Masters by Design Research: Celebrating Aboriginality through the Incidental
In recent years, a common question encountered in both academic and architectural practice circles that has provoked the research underlying this paper, is ‘what is Aboriginal architecture’? In order to answer this question the author has addressed, deconstructed and reassembled it in order to find that it only amounts to a less interesting question about architectural labeling. In the author’s opinion, the more significant and productive question is ‘what is the relationship between Aboriginality and architecture today?’
Aboriginality is a regionally specific cultural construct historically seeded in an expansive natural landscape. In contrast, architecture, as it arrived from Europe, was essentially a container for ritual, meaning and function that could be supplanted to underpin antipodean territorial claims. An inevitable syncretic relationship formed remaining relatively stagnate during the first 200 years of colonization … until now.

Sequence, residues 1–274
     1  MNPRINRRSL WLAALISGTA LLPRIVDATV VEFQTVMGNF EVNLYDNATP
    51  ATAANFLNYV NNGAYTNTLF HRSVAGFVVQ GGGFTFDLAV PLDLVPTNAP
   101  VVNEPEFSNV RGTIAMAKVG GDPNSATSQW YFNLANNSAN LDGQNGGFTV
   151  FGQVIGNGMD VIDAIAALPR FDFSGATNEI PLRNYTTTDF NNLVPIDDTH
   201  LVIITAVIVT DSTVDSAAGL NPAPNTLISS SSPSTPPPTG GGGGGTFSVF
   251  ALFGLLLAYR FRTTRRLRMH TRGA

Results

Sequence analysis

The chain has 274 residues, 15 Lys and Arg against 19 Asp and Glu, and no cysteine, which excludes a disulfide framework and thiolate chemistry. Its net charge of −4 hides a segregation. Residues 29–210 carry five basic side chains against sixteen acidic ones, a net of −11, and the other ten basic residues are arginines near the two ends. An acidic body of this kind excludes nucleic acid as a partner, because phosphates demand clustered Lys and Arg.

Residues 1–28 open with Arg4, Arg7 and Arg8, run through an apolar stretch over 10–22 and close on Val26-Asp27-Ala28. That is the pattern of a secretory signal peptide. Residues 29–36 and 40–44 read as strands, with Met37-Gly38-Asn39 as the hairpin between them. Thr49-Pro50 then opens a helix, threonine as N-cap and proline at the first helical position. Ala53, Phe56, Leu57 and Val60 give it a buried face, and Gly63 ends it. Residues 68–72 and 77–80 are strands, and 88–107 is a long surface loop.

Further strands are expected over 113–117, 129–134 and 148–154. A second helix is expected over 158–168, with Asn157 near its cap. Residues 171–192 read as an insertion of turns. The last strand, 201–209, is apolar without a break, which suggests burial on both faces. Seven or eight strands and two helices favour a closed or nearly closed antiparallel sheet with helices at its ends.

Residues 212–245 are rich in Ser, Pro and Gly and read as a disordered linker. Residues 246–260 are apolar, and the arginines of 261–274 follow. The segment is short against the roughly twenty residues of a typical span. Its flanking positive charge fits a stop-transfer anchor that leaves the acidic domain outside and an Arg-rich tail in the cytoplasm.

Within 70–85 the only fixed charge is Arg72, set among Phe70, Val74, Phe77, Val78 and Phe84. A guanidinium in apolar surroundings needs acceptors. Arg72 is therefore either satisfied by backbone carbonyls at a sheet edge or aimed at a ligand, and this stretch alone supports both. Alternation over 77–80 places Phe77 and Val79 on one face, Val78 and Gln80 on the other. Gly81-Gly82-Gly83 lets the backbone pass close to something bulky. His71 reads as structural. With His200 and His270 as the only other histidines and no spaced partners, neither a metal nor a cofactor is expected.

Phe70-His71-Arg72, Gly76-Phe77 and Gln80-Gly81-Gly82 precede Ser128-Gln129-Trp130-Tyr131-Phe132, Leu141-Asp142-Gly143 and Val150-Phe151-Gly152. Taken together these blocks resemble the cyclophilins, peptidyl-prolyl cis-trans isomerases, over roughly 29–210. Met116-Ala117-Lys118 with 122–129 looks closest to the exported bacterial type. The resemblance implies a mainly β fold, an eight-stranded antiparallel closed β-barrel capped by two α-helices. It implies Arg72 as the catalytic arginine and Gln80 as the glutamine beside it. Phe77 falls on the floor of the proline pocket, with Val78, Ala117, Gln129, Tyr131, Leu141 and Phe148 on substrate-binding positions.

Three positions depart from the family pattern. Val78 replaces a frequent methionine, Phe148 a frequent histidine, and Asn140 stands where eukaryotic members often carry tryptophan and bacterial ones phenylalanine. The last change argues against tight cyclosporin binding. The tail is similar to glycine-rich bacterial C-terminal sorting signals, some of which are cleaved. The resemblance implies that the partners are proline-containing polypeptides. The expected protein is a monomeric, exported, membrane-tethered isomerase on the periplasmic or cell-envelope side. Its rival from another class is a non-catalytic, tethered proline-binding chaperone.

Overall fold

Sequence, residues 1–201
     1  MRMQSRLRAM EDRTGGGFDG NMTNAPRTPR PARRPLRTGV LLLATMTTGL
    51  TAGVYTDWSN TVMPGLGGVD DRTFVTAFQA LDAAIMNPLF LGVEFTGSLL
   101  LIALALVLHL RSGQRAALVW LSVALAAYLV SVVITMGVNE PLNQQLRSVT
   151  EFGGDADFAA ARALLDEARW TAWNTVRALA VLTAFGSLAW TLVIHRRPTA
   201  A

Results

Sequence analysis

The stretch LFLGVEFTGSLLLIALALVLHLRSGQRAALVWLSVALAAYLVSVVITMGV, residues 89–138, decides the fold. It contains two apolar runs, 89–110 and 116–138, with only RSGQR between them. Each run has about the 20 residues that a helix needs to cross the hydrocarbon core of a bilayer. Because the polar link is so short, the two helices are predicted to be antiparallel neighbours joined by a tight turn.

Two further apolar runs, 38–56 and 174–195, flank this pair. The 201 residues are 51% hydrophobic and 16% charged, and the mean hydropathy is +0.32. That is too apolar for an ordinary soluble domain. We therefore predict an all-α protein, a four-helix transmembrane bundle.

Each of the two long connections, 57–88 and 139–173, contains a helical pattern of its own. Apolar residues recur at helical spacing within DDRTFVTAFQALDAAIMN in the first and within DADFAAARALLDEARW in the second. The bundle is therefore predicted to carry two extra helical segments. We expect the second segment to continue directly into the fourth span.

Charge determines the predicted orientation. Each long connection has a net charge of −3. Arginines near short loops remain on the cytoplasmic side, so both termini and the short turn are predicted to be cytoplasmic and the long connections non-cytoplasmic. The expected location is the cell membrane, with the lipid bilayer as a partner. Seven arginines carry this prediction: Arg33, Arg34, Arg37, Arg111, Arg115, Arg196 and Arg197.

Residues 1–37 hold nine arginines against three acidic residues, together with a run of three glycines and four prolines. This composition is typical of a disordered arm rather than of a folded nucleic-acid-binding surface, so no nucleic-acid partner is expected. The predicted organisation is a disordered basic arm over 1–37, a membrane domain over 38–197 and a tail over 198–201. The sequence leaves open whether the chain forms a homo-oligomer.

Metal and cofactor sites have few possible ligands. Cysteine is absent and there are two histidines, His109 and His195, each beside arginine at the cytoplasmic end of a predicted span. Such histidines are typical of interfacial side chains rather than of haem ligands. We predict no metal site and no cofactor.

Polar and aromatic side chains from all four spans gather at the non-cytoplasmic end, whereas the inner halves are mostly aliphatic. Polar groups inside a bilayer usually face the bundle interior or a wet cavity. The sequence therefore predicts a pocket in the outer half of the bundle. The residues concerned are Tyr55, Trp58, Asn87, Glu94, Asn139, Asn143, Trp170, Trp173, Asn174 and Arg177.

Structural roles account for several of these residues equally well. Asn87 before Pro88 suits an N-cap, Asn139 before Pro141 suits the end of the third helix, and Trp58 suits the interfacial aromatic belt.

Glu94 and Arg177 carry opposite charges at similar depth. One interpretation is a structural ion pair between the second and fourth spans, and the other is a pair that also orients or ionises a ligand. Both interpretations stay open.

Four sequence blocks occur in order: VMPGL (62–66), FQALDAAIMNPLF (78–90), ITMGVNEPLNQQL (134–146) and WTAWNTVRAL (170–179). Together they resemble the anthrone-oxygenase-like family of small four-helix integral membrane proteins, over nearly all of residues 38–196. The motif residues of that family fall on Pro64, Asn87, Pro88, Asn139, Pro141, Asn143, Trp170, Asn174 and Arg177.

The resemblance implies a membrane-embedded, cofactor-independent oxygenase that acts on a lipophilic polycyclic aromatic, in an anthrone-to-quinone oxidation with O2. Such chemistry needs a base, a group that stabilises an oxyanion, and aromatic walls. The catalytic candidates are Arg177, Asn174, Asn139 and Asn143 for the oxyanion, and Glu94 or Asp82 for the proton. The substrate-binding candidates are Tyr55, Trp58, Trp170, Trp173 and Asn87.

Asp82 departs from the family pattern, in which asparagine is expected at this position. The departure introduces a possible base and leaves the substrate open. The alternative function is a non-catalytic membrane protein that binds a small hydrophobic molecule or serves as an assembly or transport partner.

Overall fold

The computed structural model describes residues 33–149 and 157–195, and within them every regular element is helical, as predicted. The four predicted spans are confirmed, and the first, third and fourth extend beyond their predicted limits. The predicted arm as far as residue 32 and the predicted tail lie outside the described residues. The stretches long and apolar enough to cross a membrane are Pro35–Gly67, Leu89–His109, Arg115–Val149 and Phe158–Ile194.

Today, architects are generating architecture attempting to redress this relationship with varying results. This paper draws upon the author’s previous research and case studies to propose a concluding offering, the idea and search for ‘happening’ spaces (those culturally specific moments occurring outside the boundaries of the pragmatic brief) that allow a deeper reading of this relationship. This paper particularly discusses the realization of these spatial opportunities as liminal experiences that can indicate a truer celebration (or denial) of Aboriginality and more importantly, the potency of the seemingly incidental.